Moth Eyes

Navigating a demon-haunted world

An amazing discovery

Tom Nelson has made an amazing discovery, sure to shock the scientific and mathematical worlds!

Apparently, if you look at a bunch of different numbers, some of them are higher than average! Shock! Someone alert the statistics community, they’ve got to know about this! Of course it would be copied onto WUWT and Climate Depot. Is there any notion of quality control on those sites?

Here’s a map (from NASA’s GISS). The average, as you can see, is an anomaly of 0.51°C. You’ll notice that some regions have a larger anomaly than this, they’re coloured orange, red and dark red (as well as probably most of the medium-orange ones). Those regions are warming faster than average. The others aren’t.

Oh, and part of Nelson’s post is a link to a completely off-topic post on Mars on the website of some scumbag.


July 26, 2010 at 12:26 am Comments (0)

Small no-take zones can help top predators

ResearchBlogging.orgIt’s difficult to protect large marine areas from fishing – a great deal of resources must be put into patrolling and enforcing such an area. However, new research suggests that small but well-targeted protection zones can have a significant effect all the way up the food chain.

African Penguin
African Penguins (Spheniscus demersus) are a vulnerable species of penguin restricted to South Africa. They are threatened by human activities, such as egg collection and oil spills. Their population dropped by about 90% in the 20th Century, and has continued to drop since. There are now fewer than 26,000 breeding pairs.

Top predators, such as these penguins, are important members of an ecosystem, and removing them from an environment can ripple throughout the web in drastic ways. Pichegru et. al. (2010) looks at the effects of a small no-take zone around a penguin colony has on the success of the colony, comparing it with another nearby colony which did not get a protected zone. They measured the duration and length of their hunting trips, diving time and dive depth to calculate the effort expended by the penguins in finding food.

Over just three months, the protection had a substantial effect on the penguins. Overall, the penguins in the protected zone spent less time hunting, travelled shorter distances and stayed closer to the colony, reducing their effort spent foraging effort by 25-30%. This meant that they were able to spend an extra 5 hours each day on their eggs. They also shifted their hunting patterns – before the protected zone was created, they foraged in it about a quarter of the time, but by the end of the study they were doing over 70% of their hunting inside the zone.

It is interesting that the penguins in the control colony lost weight and spent longer foraging during the study period. It’s possible that protecting the one area shifted more of human fishing into the area around the other island. However, the positive effects on the protected colony far outweighed the negatives on the control island, and in any case the fishing wouldn’t all be shifted to the other colony. This study also didn’t look at what effects the protection may have had on the breeding or survival of the penguins – which, of course, is an important question.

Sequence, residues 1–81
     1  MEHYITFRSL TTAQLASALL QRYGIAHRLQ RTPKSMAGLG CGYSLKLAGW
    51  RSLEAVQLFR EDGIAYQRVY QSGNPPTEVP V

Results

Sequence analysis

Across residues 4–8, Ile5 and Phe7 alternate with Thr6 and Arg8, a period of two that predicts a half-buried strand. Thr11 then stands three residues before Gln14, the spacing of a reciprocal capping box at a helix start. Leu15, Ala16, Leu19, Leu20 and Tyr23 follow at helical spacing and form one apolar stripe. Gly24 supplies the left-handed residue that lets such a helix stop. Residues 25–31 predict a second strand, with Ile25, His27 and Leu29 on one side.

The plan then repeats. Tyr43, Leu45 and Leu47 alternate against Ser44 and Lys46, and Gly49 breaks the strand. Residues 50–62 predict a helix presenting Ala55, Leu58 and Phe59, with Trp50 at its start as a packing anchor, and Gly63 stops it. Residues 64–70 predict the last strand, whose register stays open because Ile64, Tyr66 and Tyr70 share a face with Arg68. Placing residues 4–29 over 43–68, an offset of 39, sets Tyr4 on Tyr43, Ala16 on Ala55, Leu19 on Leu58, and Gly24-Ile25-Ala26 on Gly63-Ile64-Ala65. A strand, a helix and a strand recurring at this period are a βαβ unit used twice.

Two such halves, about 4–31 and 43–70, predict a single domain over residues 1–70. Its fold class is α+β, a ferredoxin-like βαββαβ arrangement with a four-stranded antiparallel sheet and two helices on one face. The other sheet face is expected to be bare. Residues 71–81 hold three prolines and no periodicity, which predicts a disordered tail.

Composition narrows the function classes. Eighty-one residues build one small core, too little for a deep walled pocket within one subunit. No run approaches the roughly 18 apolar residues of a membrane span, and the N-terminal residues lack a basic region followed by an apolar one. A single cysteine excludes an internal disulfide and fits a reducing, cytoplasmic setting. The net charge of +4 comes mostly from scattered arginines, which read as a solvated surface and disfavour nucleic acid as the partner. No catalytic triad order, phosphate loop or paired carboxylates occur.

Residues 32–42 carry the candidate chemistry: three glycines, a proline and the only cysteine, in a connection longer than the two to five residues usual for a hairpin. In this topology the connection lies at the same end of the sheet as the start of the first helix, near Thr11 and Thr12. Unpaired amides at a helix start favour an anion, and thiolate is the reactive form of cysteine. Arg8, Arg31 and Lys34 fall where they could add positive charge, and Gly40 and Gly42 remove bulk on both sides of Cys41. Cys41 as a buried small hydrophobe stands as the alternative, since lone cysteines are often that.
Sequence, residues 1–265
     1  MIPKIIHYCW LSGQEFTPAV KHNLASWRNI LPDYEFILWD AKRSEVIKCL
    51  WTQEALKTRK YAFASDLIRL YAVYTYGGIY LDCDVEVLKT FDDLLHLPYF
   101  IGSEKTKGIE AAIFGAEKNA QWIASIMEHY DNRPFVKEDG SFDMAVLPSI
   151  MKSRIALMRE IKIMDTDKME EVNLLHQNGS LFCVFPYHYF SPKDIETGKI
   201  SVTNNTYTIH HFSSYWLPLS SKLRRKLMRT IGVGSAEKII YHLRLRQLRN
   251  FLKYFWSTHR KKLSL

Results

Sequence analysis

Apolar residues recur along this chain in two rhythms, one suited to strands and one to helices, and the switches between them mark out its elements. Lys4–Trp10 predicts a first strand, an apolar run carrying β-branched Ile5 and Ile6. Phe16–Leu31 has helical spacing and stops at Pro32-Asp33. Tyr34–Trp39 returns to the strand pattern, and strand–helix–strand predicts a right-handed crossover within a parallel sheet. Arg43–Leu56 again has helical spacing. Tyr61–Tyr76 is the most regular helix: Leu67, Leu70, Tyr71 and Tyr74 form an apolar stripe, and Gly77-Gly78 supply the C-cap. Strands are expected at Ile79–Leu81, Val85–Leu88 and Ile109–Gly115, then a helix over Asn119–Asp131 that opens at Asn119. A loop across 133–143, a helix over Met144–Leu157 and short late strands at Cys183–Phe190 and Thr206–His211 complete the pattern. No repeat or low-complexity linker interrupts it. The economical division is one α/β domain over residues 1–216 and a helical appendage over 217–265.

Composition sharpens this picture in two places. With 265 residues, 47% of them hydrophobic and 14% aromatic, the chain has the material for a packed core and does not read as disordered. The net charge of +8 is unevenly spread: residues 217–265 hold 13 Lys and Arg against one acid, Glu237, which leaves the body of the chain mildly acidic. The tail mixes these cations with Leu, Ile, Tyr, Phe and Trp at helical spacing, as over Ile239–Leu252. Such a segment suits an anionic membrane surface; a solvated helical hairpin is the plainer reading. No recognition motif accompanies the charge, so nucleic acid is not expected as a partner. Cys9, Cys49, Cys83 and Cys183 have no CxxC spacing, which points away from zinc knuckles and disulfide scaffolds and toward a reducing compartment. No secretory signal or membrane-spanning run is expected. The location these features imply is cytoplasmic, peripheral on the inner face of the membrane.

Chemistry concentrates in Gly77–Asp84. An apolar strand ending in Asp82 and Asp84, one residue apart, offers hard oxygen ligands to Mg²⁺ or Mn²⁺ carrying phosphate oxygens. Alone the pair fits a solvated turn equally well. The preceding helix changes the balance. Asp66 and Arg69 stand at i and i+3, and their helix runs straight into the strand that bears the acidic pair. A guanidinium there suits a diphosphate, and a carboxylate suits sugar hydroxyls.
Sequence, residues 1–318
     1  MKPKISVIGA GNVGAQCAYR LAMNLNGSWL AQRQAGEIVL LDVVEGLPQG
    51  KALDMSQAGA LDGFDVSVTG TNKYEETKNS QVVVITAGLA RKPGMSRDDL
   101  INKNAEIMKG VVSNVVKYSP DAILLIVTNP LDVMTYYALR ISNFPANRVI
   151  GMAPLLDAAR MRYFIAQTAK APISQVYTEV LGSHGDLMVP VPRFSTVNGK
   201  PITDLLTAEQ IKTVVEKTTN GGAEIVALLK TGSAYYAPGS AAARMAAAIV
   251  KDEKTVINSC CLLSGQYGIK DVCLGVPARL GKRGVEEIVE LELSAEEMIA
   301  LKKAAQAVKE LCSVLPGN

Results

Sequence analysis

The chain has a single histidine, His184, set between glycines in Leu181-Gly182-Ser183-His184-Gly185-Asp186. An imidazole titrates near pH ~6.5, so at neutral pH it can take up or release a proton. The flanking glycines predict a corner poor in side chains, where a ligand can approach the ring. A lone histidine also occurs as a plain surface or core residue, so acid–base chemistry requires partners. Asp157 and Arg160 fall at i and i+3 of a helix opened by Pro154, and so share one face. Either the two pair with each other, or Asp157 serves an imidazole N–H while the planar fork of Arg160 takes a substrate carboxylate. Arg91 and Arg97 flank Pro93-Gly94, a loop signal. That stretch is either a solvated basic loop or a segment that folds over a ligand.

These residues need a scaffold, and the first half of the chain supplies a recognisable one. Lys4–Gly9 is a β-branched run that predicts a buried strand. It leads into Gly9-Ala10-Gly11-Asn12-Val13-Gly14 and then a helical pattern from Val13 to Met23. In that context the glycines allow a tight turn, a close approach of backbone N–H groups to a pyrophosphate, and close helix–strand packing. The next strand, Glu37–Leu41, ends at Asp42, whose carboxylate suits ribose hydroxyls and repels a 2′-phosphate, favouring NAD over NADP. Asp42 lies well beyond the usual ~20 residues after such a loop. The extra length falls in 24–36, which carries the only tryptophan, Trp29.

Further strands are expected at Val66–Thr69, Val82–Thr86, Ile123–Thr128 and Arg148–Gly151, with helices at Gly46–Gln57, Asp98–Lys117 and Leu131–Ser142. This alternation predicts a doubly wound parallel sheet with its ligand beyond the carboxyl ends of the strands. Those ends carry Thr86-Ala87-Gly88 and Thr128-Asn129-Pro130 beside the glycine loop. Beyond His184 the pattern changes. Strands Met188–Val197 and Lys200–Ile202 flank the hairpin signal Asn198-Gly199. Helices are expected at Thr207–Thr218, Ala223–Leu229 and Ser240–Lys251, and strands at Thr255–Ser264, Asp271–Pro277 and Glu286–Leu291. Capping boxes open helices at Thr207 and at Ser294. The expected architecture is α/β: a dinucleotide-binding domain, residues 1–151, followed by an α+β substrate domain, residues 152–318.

Study location

References

Pichegru, L., Gremillet, D., Crawford, R., & Ryan, P. (2010). Marine no-take zone rapidly benefits endangered penguin Biology Letters, 6 (4), 498-501 DOI: 10.1098/rsbl.2009.0913

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July 25, 2010 at 10:13 pm Comments (2)

Cassiel released!

Cassiel is a set of utilities for the online game Utopia, incorporating a T/M operation formatter and a science calculator.

It’s licensed under the GPL. You can download it from cassiel.motheyes.com.

July 1, 2010 at 1:14 am Comment (1)

What options would those be?

Intelligent design proponent (and young earth creationist) David Tyler has a post on the ARN blog about a fossil pelican’s beak. The short version is that it seems that there was a pelican with a beak similar to that of a modern pelican flying around 30 million years ago.

The gist of David’s argument is this:

What we are seeing here is a particular type of stasis, and it concerns complexity. Much diversification has little or no effect on complexity and examples of diversification therefore have little or no bearing on the origin of complexity. The pelican beak, however, is not just a big beak! There are numerous coordinated elements that have to be present for the beak to function at all. The fossil find is important because the earliest fossil of a pelican exhibits the full functionality of the modern birds. As far as the known fossil record is concerned, complexity was present – before the radiation of the Pelecanidae.

Over 65 millions ago there were dinosaurs. Many of them were fairly complex. It’s hardly surprising that there were complex things a mere 30 million years ago. Unless he’s basing the argument off Lord Kelvin’s estimate of the age of the Earth, there’s really nothing more there.

Evidently, the pelican beak in much its current form at least 30 million years ago. This fossil puts pelican beak evolution back at least that far, and there is certainly an interesting question as to why it hasn’t changed in that time. But it is not evidence that the pelican beak did not evolve.

Yes, this makes stasis in the pelican beak intriguing and it means that Darwinism has nothing to offer by way of an explanation. New explanations should include the options opened up by intelligent design.

I can only wonder what those options might be.

July 1, 2010 at 1:08 am Comments (0)